And then his bodyguards were on the man, grabbing him by both arms and flinging him away like a ragdoll. He didn’t bother to look and see what happened next; it wasn’t the kind of entertainment his followers were interested in seeing. The followers of the bodyguards, on the other hand, were just about to get the kind of livestream experience they lived for. He dusted his suit with one hand while the companion device released a mild sedative into his bloodstream to ensure he remained calm. Jack Diamante had to remain cool at all times.

He slipped into the limousine, closely followed by the actress whose name he neither knew nor cared. They’d take a ride, make out some, and then head back to his place for a livestream available only to his premium followers…


Jack awoke with a headache, which was very strange because his companion device usually managed his blood chemistry to ensure he didn’t get a hangover. He frowned, and winced, and then realised that he’d not been woken by the companion device; he woken up by himself.

He sat up quickly, he never woke up by himself. Something was very wrong.

“Analysis,” he said out loud to trigger the companion device’s self-diagnostic protocols.


“Analysis,” he repeated, louder this time. But there was no reply and he felt his heart racing away in his chest; his companion device wasn’t working. The device normally managed his anxiety and he wasn’t used to his body responding like this unchecked; he felt clammy and was finding it hard to breathe.

His retina implant stayed completely dead and he realised that there was no red circle in the upper right corner; he wasn’t even livestreaming. He’d never paused the stream in the last four years; oh God he was going to be losing so many followers, so many ranking points.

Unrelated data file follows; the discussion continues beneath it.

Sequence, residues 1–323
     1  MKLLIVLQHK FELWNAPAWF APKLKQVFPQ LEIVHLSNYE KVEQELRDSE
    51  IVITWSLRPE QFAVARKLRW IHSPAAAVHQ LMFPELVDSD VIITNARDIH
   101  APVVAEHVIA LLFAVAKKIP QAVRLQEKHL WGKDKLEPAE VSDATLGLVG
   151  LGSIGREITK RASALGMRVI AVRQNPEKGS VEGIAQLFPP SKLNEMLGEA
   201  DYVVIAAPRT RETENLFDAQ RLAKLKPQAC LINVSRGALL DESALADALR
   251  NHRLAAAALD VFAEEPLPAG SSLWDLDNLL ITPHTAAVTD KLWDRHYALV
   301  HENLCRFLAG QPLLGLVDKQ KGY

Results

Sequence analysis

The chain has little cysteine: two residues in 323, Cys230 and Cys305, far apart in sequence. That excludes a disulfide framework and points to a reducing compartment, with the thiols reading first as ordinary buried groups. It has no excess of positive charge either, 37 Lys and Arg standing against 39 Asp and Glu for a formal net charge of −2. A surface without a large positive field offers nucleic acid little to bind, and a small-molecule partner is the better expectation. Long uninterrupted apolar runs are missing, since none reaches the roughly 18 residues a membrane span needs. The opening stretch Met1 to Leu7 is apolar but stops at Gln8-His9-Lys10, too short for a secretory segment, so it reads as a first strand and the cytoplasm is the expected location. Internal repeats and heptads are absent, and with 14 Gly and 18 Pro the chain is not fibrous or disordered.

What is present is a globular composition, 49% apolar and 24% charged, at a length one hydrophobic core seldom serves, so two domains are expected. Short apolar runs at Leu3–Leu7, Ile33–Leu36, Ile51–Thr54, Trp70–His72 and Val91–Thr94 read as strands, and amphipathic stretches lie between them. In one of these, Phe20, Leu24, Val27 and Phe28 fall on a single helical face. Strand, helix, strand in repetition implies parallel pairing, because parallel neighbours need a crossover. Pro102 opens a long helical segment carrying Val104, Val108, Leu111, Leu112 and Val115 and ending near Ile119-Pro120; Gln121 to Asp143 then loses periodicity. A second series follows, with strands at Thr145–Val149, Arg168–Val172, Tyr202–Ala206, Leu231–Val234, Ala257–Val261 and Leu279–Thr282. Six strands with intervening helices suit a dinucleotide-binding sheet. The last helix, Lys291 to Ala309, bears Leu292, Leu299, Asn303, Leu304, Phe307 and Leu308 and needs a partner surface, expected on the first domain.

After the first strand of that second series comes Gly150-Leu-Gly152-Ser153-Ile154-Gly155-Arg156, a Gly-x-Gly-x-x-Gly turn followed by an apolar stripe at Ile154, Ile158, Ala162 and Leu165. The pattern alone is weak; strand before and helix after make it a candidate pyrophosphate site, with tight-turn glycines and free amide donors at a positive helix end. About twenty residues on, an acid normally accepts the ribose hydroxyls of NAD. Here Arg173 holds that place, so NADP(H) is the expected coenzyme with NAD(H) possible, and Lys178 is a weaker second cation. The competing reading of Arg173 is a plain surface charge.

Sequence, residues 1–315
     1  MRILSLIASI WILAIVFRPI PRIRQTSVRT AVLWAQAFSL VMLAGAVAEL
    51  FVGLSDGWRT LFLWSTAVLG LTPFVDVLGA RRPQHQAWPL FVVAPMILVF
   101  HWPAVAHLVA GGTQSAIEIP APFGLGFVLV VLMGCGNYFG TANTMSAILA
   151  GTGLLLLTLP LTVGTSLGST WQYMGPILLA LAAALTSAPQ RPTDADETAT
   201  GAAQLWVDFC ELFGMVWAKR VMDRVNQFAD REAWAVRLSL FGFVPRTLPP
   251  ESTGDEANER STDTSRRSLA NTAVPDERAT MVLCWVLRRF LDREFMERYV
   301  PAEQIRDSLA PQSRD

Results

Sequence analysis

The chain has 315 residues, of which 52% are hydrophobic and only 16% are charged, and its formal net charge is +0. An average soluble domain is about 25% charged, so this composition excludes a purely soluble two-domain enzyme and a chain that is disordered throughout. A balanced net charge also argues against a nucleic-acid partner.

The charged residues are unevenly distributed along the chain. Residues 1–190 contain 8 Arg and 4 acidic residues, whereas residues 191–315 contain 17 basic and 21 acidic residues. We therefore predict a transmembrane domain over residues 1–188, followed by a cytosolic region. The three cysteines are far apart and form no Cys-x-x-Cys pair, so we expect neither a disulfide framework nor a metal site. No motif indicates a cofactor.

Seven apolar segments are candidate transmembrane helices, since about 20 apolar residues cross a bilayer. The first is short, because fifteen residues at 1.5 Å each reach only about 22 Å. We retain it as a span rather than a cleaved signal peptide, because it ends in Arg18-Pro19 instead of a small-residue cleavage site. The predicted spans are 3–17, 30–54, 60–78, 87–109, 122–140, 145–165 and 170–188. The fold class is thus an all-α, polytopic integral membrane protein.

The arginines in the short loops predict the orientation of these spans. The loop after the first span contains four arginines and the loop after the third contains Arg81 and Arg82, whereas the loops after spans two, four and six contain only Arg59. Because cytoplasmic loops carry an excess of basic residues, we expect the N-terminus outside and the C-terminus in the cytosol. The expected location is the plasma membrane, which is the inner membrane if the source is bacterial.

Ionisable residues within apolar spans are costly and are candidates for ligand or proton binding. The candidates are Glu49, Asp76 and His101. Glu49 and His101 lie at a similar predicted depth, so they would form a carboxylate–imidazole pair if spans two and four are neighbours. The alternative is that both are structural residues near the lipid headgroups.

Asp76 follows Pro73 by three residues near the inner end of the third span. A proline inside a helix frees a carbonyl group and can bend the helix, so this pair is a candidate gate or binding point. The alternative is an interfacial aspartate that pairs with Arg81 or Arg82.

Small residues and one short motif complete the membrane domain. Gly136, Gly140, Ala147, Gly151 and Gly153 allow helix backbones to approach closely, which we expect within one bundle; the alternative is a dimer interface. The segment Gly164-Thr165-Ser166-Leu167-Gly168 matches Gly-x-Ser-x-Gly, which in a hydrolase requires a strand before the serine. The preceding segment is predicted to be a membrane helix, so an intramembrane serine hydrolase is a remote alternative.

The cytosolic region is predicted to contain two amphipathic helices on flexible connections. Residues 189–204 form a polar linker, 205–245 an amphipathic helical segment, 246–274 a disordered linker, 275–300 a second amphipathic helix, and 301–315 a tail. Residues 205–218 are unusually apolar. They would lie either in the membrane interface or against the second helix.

“Think, think,” he said to himself, trying to remember what he was meant to do in the event of a companion device failure. With their advanced regeneration and healing systems, the failure rate was less than one in two billion hours but there still were ways to cope if the unthinkable should happen. He remembered something about a button in the kitchen, a red button.

The intercom button in the kitchen! Yes, that was it – he could connect with the depot and they would drone-ship him a new one in minutes. Now he just had to work out how to get from his bedroom to the kitchen. Companion devices dealt with all the unnecessary thinking such as moving around and, without its prompts, he realised that he didn’t actually know the layout of his own apartment.

He stepped out of the bedroom door and tried to remember if it was left or right, deciding to go with left and then feeling a brief burst of joy as he emerged into the living room. He remembered sometimes being in the living room and then shortly afterwards being in the kitchen; he was definitely getting nearer. And then there it was; the kitchen; and on the far wall the intercom button. He smiled, his awful day was about to get much better. He pressed the button.

“Hello, this is the home service, how can we help?”

“Hi,” said Jack, “my companion device isn’t working, you need to send me another one.”

“Voice print analysis underway. File not found. Request denied.”

The intercom went dead. He immediately pressed it again.

“Hello, this is the home service, how can we help?”

“This is Jack Diamante,” said Jack, “check my ratings and you’ll see I am one of the top 10k – do you know what my followers are going to do when they hear about this? Do you know what is going to happen to your stock price?”

“Voice print analysis provides no matches. Smart Web search reveals no references for Jack Diamante. Request denied.”

Jack stared speechless at the intercom system. What the hell was going on? He needed to find someone to help him, but if the intercom wasn’t working then that meant he had to. He hesitated at the thought but it was no good. He had to go outside.